# Graphs of Linear Functions

Students are required to make connections between coordinates, straight line graphs, the gradient of a line, where the line cuts the y axis and the equation of a straight line. This list of resources is designed to provide the opportunity for students to recognise, sketch and produce graphs of linear functions of one variable with appropriate scaling, using equations in x and y and the Cartesian plane.

Visit the secondary mathematics webpage to access all lists.

### Graphs

These instant maths ideas are ideal as starters, extension work or as probing questions to assess understanding. This co-ordinates and straight line graphs resource contains ideas such as asking students to draw coordinate pictures, explore the equations of lines which are parallel to the axes, investigate the properties of parallel lines, interpret what the gradient of a line means and make human graphs. It also suggests a series of open ended questions.

This flash program explains what a linear graph is and demonstrates how coordinates can be found by substituting values of x into an equation. The program uses examples where the equation is expressed in the form y=mx+c and in the form ay+x = c. However, the program only plots two coordinates then draws in the straight line. This program could be used to demonstrate why it is good practice to always plot a minimum of three coordinates when drawing a straight line graph.

### Straight Line Graphs Mystery

This resource is ideal for use as group work, stimulating discussion, deepening understanding and highlighting misconceptions. The activity contains twenty mystery fact cards, each containing a statement about the features of straight line graphs and how they lie on a 3 by 3 grid. The rationale is for students to use the fact cards to discover the features of each graph - its gradient, its intercept, its graph and ultimately its equation - by discussing the possible options and working towards a solution of which straight line graph lies in each grid cell.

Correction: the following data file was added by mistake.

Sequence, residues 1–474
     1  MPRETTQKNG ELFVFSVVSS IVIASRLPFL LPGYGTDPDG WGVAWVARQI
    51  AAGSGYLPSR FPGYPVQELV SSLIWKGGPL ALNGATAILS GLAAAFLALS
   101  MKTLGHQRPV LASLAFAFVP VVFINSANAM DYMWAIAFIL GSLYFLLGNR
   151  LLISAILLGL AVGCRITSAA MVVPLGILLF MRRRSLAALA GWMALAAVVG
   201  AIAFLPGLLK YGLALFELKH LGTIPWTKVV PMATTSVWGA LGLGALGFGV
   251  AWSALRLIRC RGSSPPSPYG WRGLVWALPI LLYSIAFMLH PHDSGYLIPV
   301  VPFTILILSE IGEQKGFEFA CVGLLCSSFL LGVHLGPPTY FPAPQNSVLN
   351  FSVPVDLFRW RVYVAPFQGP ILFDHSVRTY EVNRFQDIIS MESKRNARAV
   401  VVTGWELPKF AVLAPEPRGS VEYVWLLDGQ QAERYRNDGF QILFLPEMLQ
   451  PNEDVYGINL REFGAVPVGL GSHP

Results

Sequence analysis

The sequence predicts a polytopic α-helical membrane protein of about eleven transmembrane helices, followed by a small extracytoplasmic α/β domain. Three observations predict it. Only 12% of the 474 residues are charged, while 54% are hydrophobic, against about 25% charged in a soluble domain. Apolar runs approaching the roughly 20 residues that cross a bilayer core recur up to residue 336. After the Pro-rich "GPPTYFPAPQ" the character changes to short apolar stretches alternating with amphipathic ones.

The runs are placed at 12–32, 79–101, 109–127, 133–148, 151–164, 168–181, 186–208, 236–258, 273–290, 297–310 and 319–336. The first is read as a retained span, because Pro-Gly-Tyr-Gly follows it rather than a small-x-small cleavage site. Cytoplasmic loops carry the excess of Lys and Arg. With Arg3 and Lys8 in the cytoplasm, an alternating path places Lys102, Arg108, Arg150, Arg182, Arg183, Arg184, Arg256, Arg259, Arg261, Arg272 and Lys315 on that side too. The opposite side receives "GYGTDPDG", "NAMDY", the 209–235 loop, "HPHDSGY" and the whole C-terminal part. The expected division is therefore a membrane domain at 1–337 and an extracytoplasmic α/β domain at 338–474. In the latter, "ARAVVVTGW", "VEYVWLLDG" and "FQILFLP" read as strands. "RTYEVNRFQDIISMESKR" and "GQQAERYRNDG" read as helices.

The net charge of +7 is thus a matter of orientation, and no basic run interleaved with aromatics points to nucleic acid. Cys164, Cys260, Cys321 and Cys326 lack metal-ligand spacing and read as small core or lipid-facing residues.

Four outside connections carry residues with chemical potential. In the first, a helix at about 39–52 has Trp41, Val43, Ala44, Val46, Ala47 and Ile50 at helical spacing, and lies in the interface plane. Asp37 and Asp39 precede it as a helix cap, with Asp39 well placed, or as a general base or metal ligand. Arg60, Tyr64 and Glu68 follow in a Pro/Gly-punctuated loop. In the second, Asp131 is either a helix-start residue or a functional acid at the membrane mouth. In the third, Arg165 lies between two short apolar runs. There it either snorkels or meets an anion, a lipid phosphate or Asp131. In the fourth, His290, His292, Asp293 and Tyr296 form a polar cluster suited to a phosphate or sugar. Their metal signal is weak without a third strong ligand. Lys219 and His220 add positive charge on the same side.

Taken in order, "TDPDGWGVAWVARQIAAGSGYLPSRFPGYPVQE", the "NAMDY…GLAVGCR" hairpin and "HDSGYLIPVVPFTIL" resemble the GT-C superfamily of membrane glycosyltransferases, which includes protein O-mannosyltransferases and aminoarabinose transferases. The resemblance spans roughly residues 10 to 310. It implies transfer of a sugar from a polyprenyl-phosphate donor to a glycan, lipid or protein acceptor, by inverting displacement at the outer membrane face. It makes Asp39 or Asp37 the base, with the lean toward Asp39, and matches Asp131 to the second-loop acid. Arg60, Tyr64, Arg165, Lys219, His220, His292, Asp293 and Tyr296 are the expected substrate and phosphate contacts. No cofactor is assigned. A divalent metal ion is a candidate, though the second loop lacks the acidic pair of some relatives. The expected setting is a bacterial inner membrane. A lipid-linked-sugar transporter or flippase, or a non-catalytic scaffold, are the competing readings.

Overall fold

### Straight-Line Graphs

This video is ideal for use as teacher inspiration when planning activities to strengthen understanding of straight line graphs. The teacher delivers a lesson on straight line graphs to a lower ability Year Nine class. Using a set of axis drawn on the floor of the classroom, practical activities help students to understand the concepts of gradient and intercept. Groups of students are given some simple y=mx+c equations, from which they work out pairs of coordinates and they then stand at those points. By doing this, they start to appreciate what their graph should look like and how its 'slope' changes with the different equations they have been given. This activity could be adapted to meet the needs of students of different ability.

### Straight Line Graphs